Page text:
United States, North America
Bronze exposition medal
2.25 x 2.25
Long-term Loan from the Estate of Boris Blick, 2015
Emil Robert Zettler, American.
Coin collecting dates back to antiquity, when coins were sought after or purchased primarily as investments. During the Renaissance, coin collections were popular among monarchs and royal families, though the hobby was essentially limited to the very wealthy regardless. By the eighteenth and nineteenth centuries, however, coin collecting had become a hobby for the middle class, too. These collections were indicators of wealth and taste.
In the case of commemorative coins and medals from nineteenth international exhibitions, they became souvenirs that marked a memorable experience and historic event. Souvenirs are objects imbued with significance because of the owner’s memories associated with it. International expositions produced and sold a variety of souvenirs including glassware, spoons, saltshakers, books, maps, postcards, coins, and medals depicting the festivities and fairgrounds. Expositions celebrated progress and technological advancement, and the design of these medals reflects these central themes in addition to listing the exposition’s name, date, and city.
Many of the medals at the 1893 Columbian Exposition featured an image of Christopher Columbus (for whom the Exposition was named) in addition to a building or attraction. This 1893 medal features the bust of Christopher Columbus and the fair’s administrative building. This building was one of the fair’s architectural centerpieces, and was the typically the first building visitors entered if they arrived by train. Consequently, its rendering on the Exposition medal memorializes this building’s grand entrance. The official 1933 Century of Progress International Exposition medal features an aerial map of the fairgrounds on one side, and a male nude with arms spread wide and legs astride, flanked by the words Research and Industry on the other. The national exposition celebrated Chicago’s centennial as a “century of progress.”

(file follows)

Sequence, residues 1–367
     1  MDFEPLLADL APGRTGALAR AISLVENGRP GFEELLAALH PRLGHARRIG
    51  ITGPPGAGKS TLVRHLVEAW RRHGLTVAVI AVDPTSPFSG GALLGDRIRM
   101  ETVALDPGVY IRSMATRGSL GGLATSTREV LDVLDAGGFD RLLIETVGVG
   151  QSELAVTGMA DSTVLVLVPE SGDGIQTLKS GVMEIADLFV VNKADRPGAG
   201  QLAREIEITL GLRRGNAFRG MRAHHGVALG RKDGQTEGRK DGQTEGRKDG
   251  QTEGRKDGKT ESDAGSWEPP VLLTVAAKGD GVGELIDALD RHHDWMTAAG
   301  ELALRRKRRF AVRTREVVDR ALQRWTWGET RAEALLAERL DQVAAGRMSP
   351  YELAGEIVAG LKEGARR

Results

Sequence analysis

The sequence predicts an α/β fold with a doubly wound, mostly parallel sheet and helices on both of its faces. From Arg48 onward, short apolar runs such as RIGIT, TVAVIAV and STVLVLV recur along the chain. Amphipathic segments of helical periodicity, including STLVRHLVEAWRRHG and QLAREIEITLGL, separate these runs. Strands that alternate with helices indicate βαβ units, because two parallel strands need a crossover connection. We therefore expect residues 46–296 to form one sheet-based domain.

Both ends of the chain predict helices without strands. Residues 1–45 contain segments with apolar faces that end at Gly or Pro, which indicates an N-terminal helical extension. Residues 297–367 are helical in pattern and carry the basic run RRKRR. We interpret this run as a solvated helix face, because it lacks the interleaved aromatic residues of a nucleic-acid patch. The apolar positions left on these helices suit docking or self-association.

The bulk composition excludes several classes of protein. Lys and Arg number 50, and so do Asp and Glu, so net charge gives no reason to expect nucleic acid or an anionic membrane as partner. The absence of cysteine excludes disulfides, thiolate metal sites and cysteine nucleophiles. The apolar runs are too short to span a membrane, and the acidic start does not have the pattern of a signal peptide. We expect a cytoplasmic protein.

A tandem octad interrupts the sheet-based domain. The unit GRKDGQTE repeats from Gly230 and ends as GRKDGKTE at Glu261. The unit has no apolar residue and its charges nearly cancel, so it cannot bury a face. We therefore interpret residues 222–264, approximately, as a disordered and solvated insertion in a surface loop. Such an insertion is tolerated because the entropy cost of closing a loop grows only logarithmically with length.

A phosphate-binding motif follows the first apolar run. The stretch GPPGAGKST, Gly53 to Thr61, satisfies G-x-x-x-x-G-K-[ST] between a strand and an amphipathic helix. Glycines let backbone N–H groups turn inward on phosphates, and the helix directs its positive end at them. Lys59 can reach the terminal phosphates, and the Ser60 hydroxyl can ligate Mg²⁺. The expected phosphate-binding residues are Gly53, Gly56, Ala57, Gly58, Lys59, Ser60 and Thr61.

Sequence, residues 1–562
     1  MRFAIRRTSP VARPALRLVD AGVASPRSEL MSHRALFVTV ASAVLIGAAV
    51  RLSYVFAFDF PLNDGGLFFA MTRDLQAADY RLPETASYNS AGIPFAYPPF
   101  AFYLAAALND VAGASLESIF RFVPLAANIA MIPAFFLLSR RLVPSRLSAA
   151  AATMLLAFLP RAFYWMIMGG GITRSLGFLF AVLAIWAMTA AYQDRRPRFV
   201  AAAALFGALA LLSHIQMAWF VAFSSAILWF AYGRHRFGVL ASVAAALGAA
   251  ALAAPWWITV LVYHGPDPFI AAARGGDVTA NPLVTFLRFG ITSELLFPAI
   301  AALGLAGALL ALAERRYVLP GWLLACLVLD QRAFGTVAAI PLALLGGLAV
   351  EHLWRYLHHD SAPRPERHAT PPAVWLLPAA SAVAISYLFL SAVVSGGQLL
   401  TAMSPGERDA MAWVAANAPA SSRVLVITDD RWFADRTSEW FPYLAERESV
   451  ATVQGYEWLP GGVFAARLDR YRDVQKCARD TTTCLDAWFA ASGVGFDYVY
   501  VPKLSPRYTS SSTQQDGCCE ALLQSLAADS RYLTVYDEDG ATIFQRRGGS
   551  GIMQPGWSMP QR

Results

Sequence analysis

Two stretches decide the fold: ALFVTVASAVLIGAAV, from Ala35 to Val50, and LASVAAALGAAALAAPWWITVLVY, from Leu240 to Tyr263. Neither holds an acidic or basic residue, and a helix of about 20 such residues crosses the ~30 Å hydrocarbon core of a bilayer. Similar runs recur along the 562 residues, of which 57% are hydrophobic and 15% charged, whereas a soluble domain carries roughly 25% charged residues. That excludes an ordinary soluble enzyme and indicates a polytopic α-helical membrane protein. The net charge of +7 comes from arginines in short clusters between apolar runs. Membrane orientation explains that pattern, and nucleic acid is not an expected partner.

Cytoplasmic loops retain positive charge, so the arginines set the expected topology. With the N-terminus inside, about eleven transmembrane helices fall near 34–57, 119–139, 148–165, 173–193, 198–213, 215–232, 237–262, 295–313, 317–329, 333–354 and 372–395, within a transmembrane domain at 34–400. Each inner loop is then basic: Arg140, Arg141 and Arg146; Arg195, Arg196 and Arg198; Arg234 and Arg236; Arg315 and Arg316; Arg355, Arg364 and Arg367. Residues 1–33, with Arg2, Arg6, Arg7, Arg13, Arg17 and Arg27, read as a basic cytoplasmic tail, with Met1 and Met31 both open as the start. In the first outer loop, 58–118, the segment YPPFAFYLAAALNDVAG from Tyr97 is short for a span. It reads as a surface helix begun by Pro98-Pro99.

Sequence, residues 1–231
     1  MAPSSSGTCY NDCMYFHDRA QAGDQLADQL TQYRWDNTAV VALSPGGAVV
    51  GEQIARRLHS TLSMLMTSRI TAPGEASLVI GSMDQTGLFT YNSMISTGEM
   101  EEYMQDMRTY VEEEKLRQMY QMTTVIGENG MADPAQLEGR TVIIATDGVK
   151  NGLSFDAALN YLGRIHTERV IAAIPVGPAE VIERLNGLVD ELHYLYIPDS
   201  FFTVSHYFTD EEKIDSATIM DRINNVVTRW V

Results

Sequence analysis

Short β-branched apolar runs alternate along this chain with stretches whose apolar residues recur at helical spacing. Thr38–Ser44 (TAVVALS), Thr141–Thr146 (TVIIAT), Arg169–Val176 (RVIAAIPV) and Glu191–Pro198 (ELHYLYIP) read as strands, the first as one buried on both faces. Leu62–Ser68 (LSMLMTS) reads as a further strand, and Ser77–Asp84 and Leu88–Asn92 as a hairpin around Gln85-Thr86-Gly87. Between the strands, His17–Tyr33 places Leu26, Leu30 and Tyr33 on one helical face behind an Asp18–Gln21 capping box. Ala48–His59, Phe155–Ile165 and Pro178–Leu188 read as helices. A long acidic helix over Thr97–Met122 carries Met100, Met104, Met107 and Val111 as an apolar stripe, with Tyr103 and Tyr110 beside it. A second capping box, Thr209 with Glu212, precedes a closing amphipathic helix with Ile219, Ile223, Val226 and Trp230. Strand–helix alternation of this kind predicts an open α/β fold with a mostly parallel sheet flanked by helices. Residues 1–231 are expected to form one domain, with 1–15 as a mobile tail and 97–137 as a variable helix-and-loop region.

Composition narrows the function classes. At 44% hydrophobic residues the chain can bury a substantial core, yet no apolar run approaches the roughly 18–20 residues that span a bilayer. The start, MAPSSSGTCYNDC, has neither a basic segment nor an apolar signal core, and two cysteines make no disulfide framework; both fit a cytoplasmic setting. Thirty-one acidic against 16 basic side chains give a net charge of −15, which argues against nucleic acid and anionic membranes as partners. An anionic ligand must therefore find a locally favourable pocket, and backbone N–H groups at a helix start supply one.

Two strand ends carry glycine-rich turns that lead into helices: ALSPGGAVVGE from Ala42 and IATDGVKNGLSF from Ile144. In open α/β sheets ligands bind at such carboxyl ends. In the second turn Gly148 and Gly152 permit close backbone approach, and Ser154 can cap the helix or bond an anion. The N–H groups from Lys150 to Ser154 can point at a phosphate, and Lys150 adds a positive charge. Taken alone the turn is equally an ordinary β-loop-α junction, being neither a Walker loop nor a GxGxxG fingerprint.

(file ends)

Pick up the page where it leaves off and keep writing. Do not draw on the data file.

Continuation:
People have collected coins and continue to collect them for different reasons—as investments, just for fun, or as souvenirs. Beyond functioning as personal mementos to those who were fortunate enough to visit the expositions, these coins and medals gave visitors the chance to share their experience and the themes of the with friends and family who were unable to attend in a tangible way. These objects once functioned as personal mementos for the expositions, and are now often highly sought-after by collectors for their rarity and historical significance.
—Jessica Ferrer ('17)
This exposition medal came from the Chicago, IL exposition in 1933. On the obverse a male figure is seen with 1833 under his right foot and 1933 under his left, with the words research and industry on either side. On the reverse the exposition grounds can be seen with the words "INTERNATIONAL EXPOSITION CHICAGO 1933 A CENTURY OF PROGRESS" around the outside.